Monday, December 5, 2011

Separation Anxiety?

As we get ready to wrap up parent conferences this semester and prepare for some new children to start after winter break, parents are front and center in my mind. It seems a year can't go by without hearing someone complain about parents. I have heard teachers at different levels say, more than once, that their job would be easier if they didn't have to deal with parents. And while every teacher or child care provider has had their share of difficult parents, we need to remember that without parents, we wouldn't have these amazing children to look after and care for.

The biggest complaint that I tend to hear from child care providers is that some parents hang around too long at drop off time in the morning. These providers would prefer that most parents just drop and go. Their reasons vary. Some feel nervous that parents are watching and waiting for them to do something wrong. Others complain that the child is too clingy to whiny or won't get off the parents' lap as long as they are there. Rarely do they ask themselves why the parents like to hang around. For most parents, this is the only time they see what happens in child care. For others, they may still be adjusting to having their child in full day care or in a new classroom. Sometimes it's a simple case of personalities clashing. We have to remember that we are human and while we may not want to be friends with everyone we meet, we do need to treat them all with the same respect.

We put a lot of time, thought and effort into helping children adjust to child care or a new classroom. We acknowledge that it is a process but that children will learn to trust their caregivers and develop a sense of security when they are well-cared for. We rarely put that same effort into helping parents adjust. For some parents, just as with children, the transition is quick and relatively easy. For others, it takes a little more time. The parents we serve are as unique as their children and we need to remember that when are helping a new family. A great provider will think of the family as a whole and not simply focus on the needs of the child.

There are simple ways to help parents acclimate to the child care center:
  1. Have the children visit several times with their parents before their first day. This is as beneficial for the parents as it is for the children. This is the time parents can ask their questions and see the children and staff in action. Knowing how the caregivers respond to individual children does a lot to help new families feel their children will get the attention and care they need.
  2. Acknowledge that it will likely be harder for the parents than the child. Children have shorter memories and likely won't remember their first day of preschool, except in extreme circumstances. The parents, however, will carry that feeling with them to work or school for the rest of the day and longer. And that's okay.  Encourage them to call to check up on their child if they feel the need.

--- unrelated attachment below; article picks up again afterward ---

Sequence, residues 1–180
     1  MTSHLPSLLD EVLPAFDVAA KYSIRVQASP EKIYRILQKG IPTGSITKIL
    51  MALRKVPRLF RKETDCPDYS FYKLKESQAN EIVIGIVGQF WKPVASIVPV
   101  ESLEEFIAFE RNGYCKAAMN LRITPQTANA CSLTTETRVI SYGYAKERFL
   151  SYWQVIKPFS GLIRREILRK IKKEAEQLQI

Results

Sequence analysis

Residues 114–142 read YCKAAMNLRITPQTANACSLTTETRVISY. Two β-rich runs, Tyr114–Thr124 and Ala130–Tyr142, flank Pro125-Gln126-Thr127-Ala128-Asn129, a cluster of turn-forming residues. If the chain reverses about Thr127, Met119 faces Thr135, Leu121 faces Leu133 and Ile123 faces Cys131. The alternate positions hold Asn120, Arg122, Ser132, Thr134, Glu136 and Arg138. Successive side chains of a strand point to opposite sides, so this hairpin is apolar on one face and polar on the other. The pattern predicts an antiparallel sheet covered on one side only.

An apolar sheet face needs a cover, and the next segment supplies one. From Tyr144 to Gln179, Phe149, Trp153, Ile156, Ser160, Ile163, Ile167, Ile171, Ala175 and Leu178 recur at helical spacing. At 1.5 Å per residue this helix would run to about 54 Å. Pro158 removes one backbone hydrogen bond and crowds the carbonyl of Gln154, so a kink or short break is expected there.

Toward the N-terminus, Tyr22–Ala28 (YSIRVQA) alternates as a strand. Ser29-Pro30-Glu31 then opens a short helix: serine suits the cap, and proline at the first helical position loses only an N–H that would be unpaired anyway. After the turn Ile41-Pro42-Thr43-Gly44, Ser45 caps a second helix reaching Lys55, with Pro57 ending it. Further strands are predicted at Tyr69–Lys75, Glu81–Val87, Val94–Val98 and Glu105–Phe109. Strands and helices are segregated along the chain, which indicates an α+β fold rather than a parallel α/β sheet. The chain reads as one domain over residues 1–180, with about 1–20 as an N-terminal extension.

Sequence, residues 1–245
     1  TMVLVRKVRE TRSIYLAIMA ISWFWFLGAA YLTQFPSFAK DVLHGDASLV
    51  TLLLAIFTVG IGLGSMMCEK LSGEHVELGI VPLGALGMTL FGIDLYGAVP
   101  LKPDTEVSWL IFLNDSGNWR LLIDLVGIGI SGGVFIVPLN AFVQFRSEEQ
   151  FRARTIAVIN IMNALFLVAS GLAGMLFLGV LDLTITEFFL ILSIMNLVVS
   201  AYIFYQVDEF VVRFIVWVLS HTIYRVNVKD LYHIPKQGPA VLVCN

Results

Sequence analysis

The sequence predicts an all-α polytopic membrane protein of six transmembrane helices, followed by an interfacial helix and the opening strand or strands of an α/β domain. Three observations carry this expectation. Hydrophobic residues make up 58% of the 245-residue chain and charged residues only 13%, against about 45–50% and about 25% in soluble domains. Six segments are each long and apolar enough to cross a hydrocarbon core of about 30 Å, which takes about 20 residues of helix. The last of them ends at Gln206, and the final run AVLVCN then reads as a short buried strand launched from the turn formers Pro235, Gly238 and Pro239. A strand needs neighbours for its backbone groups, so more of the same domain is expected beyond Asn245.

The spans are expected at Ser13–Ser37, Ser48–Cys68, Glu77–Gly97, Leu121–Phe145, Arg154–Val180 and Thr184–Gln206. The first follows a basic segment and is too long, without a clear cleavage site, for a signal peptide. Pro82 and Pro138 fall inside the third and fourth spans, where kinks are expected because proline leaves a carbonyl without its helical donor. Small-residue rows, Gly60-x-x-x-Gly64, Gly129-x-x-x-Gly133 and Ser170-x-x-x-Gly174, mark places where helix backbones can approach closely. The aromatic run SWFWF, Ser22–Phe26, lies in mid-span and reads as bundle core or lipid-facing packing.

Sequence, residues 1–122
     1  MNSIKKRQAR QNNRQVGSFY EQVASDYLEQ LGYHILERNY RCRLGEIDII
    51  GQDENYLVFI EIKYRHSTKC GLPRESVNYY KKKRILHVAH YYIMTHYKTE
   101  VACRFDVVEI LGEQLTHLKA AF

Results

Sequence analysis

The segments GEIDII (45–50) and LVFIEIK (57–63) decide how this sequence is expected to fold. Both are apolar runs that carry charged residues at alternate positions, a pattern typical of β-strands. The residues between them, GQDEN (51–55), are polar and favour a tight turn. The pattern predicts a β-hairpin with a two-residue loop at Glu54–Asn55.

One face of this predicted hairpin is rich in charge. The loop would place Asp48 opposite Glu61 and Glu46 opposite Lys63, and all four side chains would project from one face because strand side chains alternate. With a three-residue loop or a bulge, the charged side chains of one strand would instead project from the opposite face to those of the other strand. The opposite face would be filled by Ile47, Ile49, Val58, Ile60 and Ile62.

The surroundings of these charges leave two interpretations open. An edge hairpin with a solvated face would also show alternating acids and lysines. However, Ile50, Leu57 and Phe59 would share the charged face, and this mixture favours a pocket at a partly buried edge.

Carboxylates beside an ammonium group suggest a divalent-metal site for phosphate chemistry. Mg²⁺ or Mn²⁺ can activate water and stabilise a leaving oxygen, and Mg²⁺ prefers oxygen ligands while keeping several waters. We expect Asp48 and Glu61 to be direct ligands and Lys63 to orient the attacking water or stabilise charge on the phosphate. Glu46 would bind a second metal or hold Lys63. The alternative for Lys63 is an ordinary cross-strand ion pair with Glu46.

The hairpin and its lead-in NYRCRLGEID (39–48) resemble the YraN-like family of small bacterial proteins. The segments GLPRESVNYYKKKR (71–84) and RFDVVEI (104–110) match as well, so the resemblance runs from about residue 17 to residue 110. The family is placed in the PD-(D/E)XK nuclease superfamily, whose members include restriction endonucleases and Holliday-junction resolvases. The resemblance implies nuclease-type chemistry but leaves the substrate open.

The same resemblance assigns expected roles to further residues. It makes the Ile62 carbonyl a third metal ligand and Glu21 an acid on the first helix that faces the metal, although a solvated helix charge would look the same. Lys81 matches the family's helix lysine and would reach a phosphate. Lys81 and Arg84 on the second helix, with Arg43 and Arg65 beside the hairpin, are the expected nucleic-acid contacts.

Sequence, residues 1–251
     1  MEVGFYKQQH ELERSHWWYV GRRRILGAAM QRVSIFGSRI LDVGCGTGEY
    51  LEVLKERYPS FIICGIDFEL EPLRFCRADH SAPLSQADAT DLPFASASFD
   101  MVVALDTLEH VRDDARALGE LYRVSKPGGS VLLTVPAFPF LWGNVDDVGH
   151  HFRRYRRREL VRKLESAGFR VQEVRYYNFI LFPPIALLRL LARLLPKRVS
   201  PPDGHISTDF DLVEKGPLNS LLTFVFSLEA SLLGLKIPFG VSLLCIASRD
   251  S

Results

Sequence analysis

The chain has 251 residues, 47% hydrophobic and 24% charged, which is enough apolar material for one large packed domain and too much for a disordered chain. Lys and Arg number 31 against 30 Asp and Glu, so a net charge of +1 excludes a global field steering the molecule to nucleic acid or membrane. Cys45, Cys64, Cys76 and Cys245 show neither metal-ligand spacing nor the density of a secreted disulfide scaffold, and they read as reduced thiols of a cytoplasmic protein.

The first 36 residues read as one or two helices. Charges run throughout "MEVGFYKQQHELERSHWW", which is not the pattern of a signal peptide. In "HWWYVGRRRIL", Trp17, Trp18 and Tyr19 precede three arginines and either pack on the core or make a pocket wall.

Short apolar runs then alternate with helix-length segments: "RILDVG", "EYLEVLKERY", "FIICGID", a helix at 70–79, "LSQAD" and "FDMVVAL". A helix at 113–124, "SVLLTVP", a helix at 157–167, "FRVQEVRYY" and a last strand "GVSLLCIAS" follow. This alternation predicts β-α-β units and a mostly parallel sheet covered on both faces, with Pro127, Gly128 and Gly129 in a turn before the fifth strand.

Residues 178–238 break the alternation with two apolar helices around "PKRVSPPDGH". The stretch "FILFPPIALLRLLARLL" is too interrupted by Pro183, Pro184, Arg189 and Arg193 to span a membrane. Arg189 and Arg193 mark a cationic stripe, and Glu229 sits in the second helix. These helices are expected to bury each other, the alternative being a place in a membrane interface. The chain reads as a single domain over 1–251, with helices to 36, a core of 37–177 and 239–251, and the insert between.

3. Establish a drop off routine. Having a routine lets children know what to expect, which lessens their stress at this time.  By involving the children in the routine, such as having them hang their coat up or put their lunch box in their cubby, children feel more invested.  
  4. Encourage the parents to stay for a bit and not rush off. While it may be easier for some providers to send parents on their way quickly, if we let them stay until they are ready, the separation ritual will become easier. I always tell new families to let me know when they are ready to say good-bye rather than trying to force my schedule on them. I have found that once parents are more comfortable or once the child is more comfortable, they tend to shorten the routine. After a few weeks, I am willing to bet that the child who clings to mom or dad or prefers to sit on their lap while the others play will start to venture out and explore. Eventually, the child will even let the parent know when they are ready to say good-bye. And while it may  be more trying for the caregivers in the short-term, in the long-term , it benefits the family immensely. More often than not, the subsequent transitions become easier and and easier.
  5. Say good-bye and leave.  This may be the hardest but most important part. Yes, the child is probably going to cry. Mom or dad coming back will stop the cry for the time being but once they do leave, there will be crying. Let the child know you understand they miss their parents and accept their feelings.  You may spend the whole day acknowledging those same feelings and reminding the child when they will be reunited. But that won't last forever. They will learn the routine and realize that their parent will pick them up at roughly the same time each day.
There will always be families that we have trouble getting along with or that we just don't understand. But those are the exceptions, not the norm, for most of us. When we start thinking about the needs and realities of the families, and not just the child, we are truly providing the best care possible.

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